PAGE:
This is a question I get often. If you are the appellee – the party defending the trial court’s judgment – the answer is simple. If you win, the appeals court will simply “affirm,” or uphold, the trial court’s judgment.
But what if you are the appellant, or the party appealing? Generally, in any type of case, there are two options available to the court when the appealing party wins. The court may either “reverse and remand” or “reverse and render.” Both of these outcomes mean overturning the trial court’s judgment, but their effects are quite different. I’ll explain.
First, when the appeals court “reverses and remands” the case, this means there will be further proceedings in the trial court. The most typical example is when the appeals court reverses and remands for a new trial, which is relatively common in both civil and criminal cases. Generally, new trials are granted based on certain constitutional rights violations or egregious evidentiary errors. Another type of remand available in certain cases is when the appeals court finds the judgment is not adequately supported, and remands the case for additional findings by the trial court.
You might be wondering, if the case is remanded, will the same judge that originally heard the case preside over the new proceedings? The answer is generally yes, which might sound discouraging. But quite often, the appeal completely changes the case. By and large, trial judges hate getting overturned on appeal. When the appellate court tells them they are wrong, trial judges are more likely to give the case extremely careful attention. And, while it’s not always true, often the appellate court’s ruling can change the trial judge’s view of the case. Winning on appeal can also breathe new life into the case and create a much-needed momentum shift.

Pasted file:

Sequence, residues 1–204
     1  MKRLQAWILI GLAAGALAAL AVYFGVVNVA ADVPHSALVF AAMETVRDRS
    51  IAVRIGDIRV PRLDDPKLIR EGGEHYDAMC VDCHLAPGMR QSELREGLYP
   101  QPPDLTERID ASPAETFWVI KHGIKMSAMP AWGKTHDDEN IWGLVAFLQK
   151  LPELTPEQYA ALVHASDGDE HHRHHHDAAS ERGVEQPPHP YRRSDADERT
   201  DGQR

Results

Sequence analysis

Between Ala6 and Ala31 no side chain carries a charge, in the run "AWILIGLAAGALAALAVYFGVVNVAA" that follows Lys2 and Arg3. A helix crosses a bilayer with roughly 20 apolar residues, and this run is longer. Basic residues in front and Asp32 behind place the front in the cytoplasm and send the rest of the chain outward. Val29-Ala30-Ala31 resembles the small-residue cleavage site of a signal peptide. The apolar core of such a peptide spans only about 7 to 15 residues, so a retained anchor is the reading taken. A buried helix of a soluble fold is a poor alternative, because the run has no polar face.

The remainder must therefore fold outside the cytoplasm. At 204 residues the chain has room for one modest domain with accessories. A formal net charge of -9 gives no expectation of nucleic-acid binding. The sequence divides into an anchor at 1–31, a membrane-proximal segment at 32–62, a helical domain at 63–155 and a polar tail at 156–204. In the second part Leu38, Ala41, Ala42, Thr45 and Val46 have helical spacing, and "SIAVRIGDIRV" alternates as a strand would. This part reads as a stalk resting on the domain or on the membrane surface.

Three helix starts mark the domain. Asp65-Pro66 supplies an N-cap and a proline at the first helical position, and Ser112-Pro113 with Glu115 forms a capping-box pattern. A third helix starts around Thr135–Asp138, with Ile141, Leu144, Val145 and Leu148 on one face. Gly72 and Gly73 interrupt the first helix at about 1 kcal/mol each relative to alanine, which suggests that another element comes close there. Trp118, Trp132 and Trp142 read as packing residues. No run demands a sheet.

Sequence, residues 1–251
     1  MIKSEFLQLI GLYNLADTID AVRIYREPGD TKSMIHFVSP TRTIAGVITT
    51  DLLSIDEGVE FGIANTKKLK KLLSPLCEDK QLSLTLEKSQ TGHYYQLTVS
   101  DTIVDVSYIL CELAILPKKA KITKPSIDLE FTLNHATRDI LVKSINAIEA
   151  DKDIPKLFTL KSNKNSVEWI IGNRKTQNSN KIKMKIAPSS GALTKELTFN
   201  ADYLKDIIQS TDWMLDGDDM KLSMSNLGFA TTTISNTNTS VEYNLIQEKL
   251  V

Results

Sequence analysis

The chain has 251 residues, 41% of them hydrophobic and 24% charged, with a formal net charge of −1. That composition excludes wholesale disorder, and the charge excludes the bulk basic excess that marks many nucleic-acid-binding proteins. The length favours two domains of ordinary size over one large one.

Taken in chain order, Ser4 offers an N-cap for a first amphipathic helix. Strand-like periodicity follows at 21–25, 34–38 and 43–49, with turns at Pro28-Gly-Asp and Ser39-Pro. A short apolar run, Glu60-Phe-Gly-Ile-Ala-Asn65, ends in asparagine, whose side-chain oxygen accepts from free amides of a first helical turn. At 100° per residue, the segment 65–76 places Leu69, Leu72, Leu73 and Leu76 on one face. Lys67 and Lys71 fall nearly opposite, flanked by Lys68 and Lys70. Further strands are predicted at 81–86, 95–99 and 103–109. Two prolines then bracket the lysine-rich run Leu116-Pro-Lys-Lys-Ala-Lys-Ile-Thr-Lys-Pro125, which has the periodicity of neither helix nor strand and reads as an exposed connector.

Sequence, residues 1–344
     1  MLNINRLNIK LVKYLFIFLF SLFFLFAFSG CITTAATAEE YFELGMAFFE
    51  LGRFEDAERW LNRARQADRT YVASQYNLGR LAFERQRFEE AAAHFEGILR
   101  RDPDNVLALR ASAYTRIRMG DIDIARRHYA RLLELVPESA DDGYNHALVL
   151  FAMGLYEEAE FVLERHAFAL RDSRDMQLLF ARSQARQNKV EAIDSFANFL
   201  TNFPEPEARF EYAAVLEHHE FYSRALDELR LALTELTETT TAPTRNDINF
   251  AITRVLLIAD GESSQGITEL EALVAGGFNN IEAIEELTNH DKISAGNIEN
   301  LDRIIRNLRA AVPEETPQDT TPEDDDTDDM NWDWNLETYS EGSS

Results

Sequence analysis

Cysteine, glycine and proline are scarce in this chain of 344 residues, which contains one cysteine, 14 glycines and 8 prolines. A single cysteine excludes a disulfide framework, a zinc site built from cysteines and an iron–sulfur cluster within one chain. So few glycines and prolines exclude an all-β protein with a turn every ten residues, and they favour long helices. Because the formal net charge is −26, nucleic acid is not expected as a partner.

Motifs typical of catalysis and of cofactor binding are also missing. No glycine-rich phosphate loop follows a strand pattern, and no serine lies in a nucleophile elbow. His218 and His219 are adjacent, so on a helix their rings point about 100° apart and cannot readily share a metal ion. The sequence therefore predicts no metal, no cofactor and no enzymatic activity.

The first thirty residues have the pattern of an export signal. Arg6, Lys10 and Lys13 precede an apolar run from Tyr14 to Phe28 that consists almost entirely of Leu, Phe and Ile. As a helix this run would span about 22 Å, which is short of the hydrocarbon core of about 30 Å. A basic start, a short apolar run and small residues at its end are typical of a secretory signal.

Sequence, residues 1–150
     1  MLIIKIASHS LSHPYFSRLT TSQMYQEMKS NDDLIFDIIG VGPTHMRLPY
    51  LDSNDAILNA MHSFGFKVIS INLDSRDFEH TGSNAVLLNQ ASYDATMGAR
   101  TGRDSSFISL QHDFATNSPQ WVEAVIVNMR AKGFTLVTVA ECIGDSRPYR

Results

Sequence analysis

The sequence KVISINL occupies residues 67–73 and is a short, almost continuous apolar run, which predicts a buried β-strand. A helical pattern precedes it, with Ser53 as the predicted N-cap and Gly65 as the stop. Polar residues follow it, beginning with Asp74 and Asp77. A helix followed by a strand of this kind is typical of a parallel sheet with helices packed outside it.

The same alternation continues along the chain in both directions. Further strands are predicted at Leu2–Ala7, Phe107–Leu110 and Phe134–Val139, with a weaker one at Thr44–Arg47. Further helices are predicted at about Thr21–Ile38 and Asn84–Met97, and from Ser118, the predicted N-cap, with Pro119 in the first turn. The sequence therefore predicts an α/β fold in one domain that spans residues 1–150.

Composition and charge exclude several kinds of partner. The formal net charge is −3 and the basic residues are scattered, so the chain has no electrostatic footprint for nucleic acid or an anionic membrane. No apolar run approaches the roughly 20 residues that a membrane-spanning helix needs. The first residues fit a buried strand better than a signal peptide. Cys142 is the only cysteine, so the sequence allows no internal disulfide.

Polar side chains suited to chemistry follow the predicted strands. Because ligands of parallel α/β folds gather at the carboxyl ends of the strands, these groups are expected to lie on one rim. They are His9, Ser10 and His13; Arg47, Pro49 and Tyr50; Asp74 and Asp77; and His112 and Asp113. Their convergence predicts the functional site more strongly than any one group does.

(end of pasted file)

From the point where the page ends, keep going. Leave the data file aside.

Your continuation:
Second, when the appeals court “reverses and renders,” this means the appellate court actually decides the outcome rather than sending the case back to the trial court for further proceedings. This, of course, is typically better than remand.
For example, in a civil case, perhaps a jury awarded a half-million-dollar verdict. If the judgment debtor appeals, the appellate court could find the case was barred by the statute of limitations. If that’s the case, the appellate court will render a judgment dismissing the case and nullifying the jury’s verdict. For the party who appealed in this scenario, this result is obviously a home run.
As another example, in a criminal case, if the appeals court finds the prosecution didn’t present enough proof at the trial, the court will render a judgment of acquittal. This wipes away the conviction and sentence, and retrial would be barred by double jeopardy. Obviously, this too is the ideal outcome for the party who appealed.
Whether rendering is possible, though, depends on the type of error being appealed. Generally, you can ask the court to render if you are raising the sufficiency of the evidence or a legal issue the court can decide “as a matter of law,” as opposed to a factual determination.
Usually you need an attorney’s help to determine if rendering or remanding would be an appropriate remedy in your case.
This is something I always discuss with my appeal clients. Render-versus-remand is always a good discussion to have, whether you’re the party appealing or defending. Even if you’re the party defending, you should understand all the possible outcomes and how likely they are to occur. If you’re looking for an appeal lawyer, I handle a wide range of appeal matters and would be happy to discuss the possible outcomes with you. I do my best to always give clients my honest and frank opinion on the prospects of winning their appeal. I can be reached at 601-664-0044.